Handmadeology – Niche Markets

Here’s a look at what’s coming on the Handmadeology blog, of which I am a regular correspondent. I’m focusing in on niche markets, since a lot of us have unusual things we sell, items that don’t seem to fall into a general marketing category.

You can see the first two posts on Niche Markets here and here.

And here’s this week’s post:

Marketing 101: Niche Markets 3 – Getting  Out There

Just what does that mean? We’re talking about marketing your products without spending money. In Part 1 you looked at other uses for your unusual product, and a lot of you had really good ideas. In Part 2 last week I asked for unusual marketing ideas you’ve tried.

And poof, just like that, the conversation went dead.  In fact, I found myself short on ideas. It seems if we have a store front, it’s a lot easier to come up with ideas. Rachel from Rayela Art talked about literally stopping traffic with a belly dancer in the window of her shop. Michelle of SHELs Unlimited does yard sales on a regular basis and includes a drawing for a chance at a coupon in her store.

Belly dancers certainly work with a store front, but now they have no storefront and have moved into the realm of social media.  Michelle is looking to do something more unusual. And I pondered for several days, trying to figure out how I could help you all jump-start some ideas.

Did you see this new headline on Handmadeology? “May 2012 Etsy Stats – 1.29 Billion Page Views and $65.9 Million in Goods Sold.” Pretty impressive, and we all need a piece of that pie. So let’s get brainstorming ideas to market ourselves.

This presupposes you all have Etsy shops, but even if you don’t, these ideas can work for you.

1. Get your profile up on LinkedIn. It takes some time, but it doesn’t cost anything. Then you can include that in all your email addresses, business cards, and the like. It makes you look a lot more professional at your art. I know a lot of “gurus” suggest your profile picture be actually of you, but hey, I’m different. I have a piece of my art as my profile picture, and I keep the same one across social media platforms. Once I had my profile up, I began to look for groups to join within LinkedIn. I hooked up with presenting some potential marbling classes, and participating in an unjuried show last fall, just to name two opportunities from LinkedIn. Take the time to do this.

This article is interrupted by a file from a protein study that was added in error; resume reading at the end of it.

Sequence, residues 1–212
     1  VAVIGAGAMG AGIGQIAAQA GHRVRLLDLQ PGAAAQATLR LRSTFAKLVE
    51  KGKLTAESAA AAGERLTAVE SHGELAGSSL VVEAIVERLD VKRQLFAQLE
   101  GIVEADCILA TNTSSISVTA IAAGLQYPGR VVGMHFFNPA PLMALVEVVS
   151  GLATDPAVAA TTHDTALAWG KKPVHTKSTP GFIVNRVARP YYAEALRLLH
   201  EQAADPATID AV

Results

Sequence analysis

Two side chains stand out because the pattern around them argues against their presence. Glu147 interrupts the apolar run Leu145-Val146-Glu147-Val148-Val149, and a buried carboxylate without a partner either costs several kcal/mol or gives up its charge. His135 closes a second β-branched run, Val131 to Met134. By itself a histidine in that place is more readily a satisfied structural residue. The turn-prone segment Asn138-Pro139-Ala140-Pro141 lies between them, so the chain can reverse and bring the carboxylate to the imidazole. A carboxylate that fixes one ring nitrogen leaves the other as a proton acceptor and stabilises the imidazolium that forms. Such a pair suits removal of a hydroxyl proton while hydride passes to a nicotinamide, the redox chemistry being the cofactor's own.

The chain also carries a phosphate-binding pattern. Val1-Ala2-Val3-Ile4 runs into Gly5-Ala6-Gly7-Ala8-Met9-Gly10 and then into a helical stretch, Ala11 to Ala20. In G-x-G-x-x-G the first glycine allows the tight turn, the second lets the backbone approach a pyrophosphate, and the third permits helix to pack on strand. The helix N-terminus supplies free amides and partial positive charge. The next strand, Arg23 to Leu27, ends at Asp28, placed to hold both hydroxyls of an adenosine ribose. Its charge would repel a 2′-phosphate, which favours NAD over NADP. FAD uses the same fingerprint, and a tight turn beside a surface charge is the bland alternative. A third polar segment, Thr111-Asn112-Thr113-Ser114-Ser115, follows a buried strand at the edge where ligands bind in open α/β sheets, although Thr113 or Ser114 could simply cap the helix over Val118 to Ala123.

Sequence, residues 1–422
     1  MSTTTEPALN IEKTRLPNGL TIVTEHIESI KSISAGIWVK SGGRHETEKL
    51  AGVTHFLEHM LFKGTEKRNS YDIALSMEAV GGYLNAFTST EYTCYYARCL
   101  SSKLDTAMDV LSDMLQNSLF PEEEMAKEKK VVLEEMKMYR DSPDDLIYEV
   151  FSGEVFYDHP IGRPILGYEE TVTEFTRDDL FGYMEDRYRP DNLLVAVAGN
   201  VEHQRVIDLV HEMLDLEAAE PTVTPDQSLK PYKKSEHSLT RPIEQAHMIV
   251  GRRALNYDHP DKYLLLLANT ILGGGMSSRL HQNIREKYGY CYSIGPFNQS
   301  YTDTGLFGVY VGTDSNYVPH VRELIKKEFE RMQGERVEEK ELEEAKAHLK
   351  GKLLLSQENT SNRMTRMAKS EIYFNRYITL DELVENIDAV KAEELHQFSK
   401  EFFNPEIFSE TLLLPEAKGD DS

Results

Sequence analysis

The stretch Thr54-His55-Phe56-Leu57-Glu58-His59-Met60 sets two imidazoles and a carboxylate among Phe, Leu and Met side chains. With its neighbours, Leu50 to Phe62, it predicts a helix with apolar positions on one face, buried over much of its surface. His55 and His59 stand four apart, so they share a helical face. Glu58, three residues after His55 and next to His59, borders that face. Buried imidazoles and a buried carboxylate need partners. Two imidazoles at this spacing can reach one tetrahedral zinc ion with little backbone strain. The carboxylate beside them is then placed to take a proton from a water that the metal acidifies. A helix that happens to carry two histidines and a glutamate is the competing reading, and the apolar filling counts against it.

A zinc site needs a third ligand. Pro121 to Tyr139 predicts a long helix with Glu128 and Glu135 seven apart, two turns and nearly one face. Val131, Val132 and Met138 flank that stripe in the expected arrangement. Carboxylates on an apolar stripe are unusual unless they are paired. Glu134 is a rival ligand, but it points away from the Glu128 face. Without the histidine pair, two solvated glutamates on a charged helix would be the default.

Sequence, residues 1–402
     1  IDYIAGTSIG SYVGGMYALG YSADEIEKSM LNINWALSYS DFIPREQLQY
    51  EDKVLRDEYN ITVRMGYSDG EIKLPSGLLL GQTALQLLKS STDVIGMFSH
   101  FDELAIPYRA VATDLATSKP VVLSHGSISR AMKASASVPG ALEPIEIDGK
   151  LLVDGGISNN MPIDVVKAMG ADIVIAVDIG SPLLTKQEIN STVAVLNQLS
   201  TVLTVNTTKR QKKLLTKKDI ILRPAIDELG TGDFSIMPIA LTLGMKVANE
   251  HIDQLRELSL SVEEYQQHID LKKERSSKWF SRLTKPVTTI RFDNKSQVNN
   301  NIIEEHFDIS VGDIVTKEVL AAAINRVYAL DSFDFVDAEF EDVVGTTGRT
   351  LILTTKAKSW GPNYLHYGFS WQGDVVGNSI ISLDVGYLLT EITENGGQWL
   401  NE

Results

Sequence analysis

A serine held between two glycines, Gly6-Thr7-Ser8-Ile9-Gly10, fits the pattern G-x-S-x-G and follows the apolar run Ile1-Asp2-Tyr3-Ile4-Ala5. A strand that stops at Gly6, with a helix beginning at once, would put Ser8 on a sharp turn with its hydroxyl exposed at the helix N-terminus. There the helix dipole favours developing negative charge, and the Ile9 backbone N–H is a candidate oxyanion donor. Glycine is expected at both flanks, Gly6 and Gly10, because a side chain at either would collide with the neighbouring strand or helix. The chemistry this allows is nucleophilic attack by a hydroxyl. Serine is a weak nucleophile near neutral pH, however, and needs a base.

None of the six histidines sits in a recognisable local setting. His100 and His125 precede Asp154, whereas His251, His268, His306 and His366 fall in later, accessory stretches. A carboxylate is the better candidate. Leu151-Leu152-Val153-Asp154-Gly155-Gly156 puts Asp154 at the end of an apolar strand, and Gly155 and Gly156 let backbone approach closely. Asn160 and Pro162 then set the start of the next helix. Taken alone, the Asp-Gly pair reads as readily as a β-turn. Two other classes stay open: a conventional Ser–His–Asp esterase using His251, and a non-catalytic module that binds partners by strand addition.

2. See what professional groups have blogs and discussion groups on line. Have you done any searches? Many have restrictions about outright marketing, but you can have a tag line at the end of each of your posts. Start a dialogue, ask questions, follow potential ideas you see, comment thoughtfully on other posts. Yahoo has a marblers group we belong to. We are not only up-to-date with what’s happening in the field, we also learn of new supplies, who’s having issues, new ways of trying marbling techniques, and just in general having a way to stay in touch with other professionals.

3. Get more pictures. Use your own living space and think about how else your product could be used. Can you hang it on the wall? Take a picture. Can you wear it? Take a picture.  Can it be part of some other product? Take Pictures!!!

4. Start some partnerships with whom you can trade supplies Who’s your supplier? Would they like to have a sample of what you do with their product? Could you do a demo or teach a class for them? In fact, where do you buy your supplies? Do you follow them on Facebook? Do they have a website? Do this for all the suppliers you use. We met a batik artist when we did an art show in the Seattle area. We traded fabrics to see if we could marble over batik, and if she could batik over marbling. You could have another by-product you can sell.

5. Get noticed on line. Dharma Trading likes to spotlight folks who use their products. ArtsyShark has a call a couple of time a year to spotlight artists on their weekly blog. If you have an Etsy shop, is one of your available pictures what your product would look like in something else or in the home?

6. Start reading business blogs. Now, there are a LOT of business blogs out there. Are you reading Handmadeology, primarily focused on Etsy? (Hint: your answer should be “yes.”) Check out Alyson Stanfield (ArtBizBlog) and Tara Reed (ArtLicensingBlog) – always insightful and full of good ideas.

7. Schedule time for marketing each week. You need to find a balance between marketing and make product. Set aside one day a week, even just a couple of hours, and read blogs, respond, look for opportunities, follow through on new ideas. It takes a while, but it does pay off.

If you remember your high school algebra, one of the basic functions of life is exponential; something starts very small and over time begins to accelerate faster and faster. That’s what you want with your marketing, so start thinking and doing!

Leave me comments – I want to know what you’re currently doing, what you’ve already tried and with what success, and what you’re thinking about. Let’s share the wealth of ideas each week.

 

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